Researchers from the University of Amsterdam have demonstrated that the climate in South Mexico changed following the collapse of the Maya empire. From preserved pollen grains the paleoecologists could deduce that the climate quickly became dryer.
The climate becoming dryer, explains the decrease in the population following the collapse of the Maya empire. The climate researchers have therefore helped to solve an archaeological mystery.
With the help of pollen grains, the paleoecologists from Amsterdam could accurately reconstruct the climate in a certain region. Each plant will only grow under certain conditions. By working out the overlap between the possible growth conditions for each plant in an area, an accurate picture of the local climate can be constructed.
In the area inhabited by the Mayas, Southern Mexico and Northern Guatemala, the researchers found that round about 1000 AD the climate quickly became dryer. This was about 100 years after the collapse of the Maya empire. The researchers suspect that after the collapse of the well-organised empire, the inhabitants destroyed many wildlife and agricultural areas. This led to erosion, as a result of which the evaporation, and thus the rainfall, decreased.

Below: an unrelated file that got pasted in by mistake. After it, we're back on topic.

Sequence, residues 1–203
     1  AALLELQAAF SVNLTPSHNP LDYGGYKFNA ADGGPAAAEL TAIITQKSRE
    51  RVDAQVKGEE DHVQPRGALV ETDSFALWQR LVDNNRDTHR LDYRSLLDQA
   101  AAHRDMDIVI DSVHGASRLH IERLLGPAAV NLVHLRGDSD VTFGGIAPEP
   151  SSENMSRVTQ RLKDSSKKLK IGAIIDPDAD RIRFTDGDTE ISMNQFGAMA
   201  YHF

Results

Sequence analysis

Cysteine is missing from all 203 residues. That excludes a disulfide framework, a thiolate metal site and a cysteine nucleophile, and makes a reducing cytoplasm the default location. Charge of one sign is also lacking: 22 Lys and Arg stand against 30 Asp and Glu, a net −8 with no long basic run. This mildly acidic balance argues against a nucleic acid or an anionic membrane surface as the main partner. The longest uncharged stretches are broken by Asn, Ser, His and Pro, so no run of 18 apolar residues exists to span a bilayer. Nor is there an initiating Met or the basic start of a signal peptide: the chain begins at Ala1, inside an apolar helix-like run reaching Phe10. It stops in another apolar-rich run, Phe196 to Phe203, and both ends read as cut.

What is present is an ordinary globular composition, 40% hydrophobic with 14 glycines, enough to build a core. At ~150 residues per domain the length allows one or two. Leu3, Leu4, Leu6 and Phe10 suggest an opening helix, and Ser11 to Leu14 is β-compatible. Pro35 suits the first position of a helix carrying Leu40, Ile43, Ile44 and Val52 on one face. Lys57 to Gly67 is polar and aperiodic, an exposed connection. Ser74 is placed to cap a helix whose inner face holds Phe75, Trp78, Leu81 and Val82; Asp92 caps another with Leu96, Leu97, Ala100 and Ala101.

Michel Philippens | alphagalileo
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